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South Kordofan refugees look back in worry


South Kordofan refugees look back in worry

They found safety in South Sudan's capital, but are losing sleep wondering if their loved ones are dead or alive back home in the Nuba Mountains.
30 April 2012 Also available in:
Helen Akompeo (right) with fellow Sudanese refugees in their makeshift home in Lologo settlement, Juba, South Sudan.

LOLOGO, South Sudan, April 30 (UNHCR) - If years of war taught Helen Akompeo one thing, it's to run at the first sign of trouble.

As a teenager, she survived Sudan's 22-year civil conflict by fleeing with her family into the Nuba Mountains of South Kordofan province. So when Antonov planes droned overhead and armed soldiers entered her village in June last year, her instincts kicked in.

Now 42 and a mother of six, she says of the renewed fighting in her village, Dalama: "People were running and looting and shooting. My relative was shot. Whether you are a soldier or a civilian, once they catch you they kill you, even children."

First they hid in the bush, surviving on wild fruits and sometimes sneaking home for food. They heard the fighting spread to other villages and after two months they decided to flee further.

"In the previous war, the community left together," she says. "This time we didn't flee in a big group because if they get you, you will all be killed. If we separate, our chances of surviving are better."

They walked mostly at night, stopping often to find water and feed the children dried beans and vegetables. One child was stung by a scorpion, another's leg swelled up after being pricked by a thorn. Eventually they reached Kosti port in Sudan, boarded a barge and sailed down the river Nile to Juba, capital of South Sudan.

Since last September, Helen and her family have been living under a makeshift shelter in Lologo, a dusty local settlement in Juba. Together with 11 other Nuban refugee families, they have received clothing, plastic sheets and bamboo poles from UNHCR, as well as food rations from a local church. They are among the more than 1,700 refugees from South Kordofan who are registered in Juba.

To make ends meet, Helen cooks mandazi (fried doughballs) and sells them for breakfast. Her neighbour Mubarak*, 46, spends his day looking for stones to hammer into smaller pieces for gravel. He then scouts construction sites and tries to sell his gravel, which is mixed with cement to produce foundation slabs. It's hard work in the Juba heat but he has to keep working to support his wife and five children.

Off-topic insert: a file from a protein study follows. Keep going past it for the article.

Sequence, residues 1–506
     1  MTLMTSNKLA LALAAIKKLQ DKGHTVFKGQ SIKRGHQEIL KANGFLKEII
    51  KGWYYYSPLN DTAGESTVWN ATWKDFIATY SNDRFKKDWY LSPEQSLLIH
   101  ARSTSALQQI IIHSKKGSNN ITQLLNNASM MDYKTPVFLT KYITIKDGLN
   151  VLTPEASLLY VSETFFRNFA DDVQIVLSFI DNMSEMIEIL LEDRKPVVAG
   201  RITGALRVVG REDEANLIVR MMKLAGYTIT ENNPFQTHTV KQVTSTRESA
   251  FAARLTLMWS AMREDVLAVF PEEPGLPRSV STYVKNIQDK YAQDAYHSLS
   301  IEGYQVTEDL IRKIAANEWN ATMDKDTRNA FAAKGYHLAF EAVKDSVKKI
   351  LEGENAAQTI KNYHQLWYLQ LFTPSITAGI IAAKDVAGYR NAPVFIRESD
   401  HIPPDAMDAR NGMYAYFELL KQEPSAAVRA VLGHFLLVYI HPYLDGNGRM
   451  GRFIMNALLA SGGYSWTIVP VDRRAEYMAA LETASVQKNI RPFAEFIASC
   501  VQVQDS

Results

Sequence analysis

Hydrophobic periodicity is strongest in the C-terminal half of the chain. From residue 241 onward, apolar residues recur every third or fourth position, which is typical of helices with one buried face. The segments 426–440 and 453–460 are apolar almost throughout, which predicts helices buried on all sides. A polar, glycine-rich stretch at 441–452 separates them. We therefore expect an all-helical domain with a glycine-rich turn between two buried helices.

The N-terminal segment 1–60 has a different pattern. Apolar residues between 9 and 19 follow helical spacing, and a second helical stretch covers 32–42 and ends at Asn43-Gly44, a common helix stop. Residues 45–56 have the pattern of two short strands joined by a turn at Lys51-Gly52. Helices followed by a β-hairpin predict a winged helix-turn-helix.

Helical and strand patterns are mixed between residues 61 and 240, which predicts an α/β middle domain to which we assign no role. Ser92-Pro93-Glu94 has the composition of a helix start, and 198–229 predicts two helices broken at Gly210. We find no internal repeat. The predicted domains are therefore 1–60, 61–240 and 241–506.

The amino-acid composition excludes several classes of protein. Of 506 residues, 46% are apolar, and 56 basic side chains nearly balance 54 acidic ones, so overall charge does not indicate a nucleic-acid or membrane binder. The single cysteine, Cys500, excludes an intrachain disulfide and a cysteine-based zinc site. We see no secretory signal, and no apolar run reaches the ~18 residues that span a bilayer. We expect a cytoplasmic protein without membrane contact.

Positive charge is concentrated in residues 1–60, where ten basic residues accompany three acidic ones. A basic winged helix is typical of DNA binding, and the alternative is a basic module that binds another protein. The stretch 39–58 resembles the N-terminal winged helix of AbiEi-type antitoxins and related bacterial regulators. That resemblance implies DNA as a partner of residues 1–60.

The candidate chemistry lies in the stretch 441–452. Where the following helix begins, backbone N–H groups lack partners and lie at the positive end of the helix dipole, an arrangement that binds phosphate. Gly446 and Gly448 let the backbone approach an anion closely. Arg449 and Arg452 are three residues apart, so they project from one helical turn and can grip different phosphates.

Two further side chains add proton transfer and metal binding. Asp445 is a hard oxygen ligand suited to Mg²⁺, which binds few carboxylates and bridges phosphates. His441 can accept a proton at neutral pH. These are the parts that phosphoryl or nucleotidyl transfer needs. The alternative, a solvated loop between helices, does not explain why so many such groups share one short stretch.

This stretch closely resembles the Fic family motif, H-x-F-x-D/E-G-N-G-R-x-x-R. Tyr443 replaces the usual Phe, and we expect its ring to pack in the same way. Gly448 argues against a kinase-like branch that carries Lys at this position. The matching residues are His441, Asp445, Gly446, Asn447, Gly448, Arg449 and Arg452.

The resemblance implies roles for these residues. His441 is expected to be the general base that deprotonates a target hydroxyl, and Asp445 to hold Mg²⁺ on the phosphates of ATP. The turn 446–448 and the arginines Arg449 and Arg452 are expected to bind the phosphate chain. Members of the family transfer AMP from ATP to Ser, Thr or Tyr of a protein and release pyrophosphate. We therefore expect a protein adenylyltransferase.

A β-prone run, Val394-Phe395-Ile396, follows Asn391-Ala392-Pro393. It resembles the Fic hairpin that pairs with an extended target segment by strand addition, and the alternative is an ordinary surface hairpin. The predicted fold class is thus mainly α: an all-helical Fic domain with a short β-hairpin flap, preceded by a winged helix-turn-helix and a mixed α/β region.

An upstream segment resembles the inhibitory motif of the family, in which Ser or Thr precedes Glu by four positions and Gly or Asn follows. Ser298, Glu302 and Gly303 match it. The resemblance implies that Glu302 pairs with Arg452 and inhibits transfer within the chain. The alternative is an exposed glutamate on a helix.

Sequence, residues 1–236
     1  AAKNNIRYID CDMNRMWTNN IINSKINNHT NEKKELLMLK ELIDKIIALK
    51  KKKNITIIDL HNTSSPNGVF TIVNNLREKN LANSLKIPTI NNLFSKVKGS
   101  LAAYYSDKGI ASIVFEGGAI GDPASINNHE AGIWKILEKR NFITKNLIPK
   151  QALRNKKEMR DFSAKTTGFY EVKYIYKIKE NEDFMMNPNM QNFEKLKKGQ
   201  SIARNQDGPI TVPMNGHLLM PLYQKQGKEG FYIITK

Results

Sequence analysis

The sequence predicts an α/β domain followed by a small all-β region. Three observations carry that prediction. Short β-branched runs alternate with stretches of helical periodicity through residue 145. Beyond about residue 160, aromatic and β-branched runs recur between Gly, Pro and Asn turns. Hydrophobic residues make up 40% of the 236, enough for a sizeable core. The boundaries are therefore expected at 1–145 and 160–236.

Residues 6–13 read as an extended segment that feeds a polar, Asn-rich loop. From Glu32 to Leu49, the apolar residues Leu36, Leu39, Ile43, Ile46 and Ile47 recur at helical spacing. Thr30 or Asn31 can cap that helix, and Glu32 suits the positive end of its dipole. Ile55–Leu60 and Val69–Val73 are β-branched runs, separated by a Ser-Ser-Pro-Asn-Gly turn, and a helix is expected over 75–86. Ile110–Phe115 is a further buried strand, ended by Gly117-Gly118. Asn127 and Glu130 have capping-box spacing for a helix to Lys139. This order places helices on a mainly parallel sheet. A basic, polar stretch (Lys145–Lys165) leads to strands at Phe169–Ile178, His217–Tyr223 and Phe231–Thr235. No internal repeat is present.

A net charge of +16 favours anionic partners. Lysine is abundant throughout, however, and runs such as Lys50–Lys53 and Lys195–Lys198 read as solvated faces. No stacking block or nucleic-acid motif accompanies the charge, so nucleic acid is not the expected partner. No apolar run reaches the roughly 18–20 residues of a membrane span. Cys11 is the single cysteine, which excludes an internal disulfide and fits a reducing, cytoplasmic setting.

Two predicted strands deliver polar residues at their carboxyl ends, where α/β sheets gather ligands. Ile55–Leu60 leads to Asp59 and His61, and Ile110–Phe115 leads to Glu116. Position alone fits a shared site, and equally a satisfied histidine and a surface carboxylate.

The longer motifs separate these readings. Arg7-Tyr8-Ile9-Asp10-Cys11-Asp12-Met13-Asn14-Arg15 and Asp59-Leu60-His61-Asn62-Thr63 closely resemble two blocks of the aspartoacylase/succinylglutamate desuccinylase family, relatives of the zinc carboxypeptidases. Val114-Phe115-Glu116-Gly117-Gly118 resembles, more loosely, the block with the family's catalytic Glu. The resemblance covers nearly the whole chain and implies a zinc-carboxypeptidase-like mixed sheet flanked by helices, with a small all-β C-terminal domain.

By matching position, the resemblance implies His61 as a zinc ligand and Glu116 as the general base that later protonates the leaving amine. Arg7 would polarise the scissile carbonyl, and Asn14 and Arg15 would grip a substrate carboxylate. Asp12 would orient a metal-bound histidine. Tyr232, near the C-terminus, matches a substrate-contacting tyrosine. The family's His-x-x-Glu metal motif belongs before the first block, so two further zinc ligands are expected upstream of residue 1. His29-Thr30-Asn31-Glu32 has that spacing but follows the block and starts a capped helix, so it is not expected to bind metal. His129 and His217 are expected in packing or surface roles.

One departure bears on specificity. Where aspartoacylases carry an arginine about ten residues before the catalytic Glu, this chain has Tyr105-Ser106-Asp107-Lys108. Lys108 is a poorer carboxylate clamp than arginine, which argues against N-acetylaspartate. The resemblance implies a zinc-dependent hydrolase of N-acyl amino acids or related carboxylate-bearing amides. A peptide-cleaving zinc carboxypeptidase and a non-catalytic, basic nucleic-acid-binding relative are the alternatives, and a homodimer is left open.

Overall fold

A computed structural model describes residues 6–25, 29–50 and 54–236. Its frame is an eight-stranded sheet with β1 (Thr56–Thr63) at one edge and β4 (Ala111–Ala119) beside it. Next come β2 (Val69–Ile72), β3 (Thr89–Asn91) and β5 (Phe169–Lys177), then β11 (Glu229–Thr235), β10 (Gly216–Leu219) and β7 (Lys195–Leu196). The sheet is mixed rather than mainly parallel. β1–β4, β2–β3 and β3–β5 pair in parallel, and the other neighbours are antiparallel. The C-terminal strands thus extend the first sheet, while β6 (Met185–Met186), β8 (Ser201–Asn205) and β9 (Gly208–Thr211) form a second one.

His bigger worry is back home, where he has another wife and four children. He bursts into tears recounting his last phone call with them. They lost phone contact some weeks ago and he doesn't know how they are doing.

"Many people are still trapped in South Kordofan," he says. "The roads are closed. You can't move on foot. Some people ran out of money for transport. They are just waiting for their death to come."

Helen, too, loses sleep thinking about her family in the Nuba Mountains. She worries every time she hears about renewed fighting in the areas bordering South Kordofan and South Sudan. More than 20,000 refugees are living in South Sudan's Unity state, the majority encamped in Yida settlement just 25 kilometres from the volatile border.

Mubarak expressed concern about refugees staying so close to the fighting: "How can we live there if there is fighting there?"

For security reasons, the UN refugee agency has relocated 2,300 refugees - most of them students - from Yida to two safer sites in South Sudan's Unity state since January. UNHCR continues to encourage the refugees at Yida to move to safety. The agency is also negotiating with the authorities in Juba to provide some land in the capital for the small group of Nuban refugees who are already here.

While these actions may provide temporary respite for the refugees, it does not solve the fundamental problem. "I appeal to the world to look into the war in our homes," says Mubarak. "Families are locked up and they can't run to another country. I hope the fighting can stop so we can go back and see if our families are dead or alive."

*Name changed for protection reasons

By Vivian Tan, in Juba, South Sudan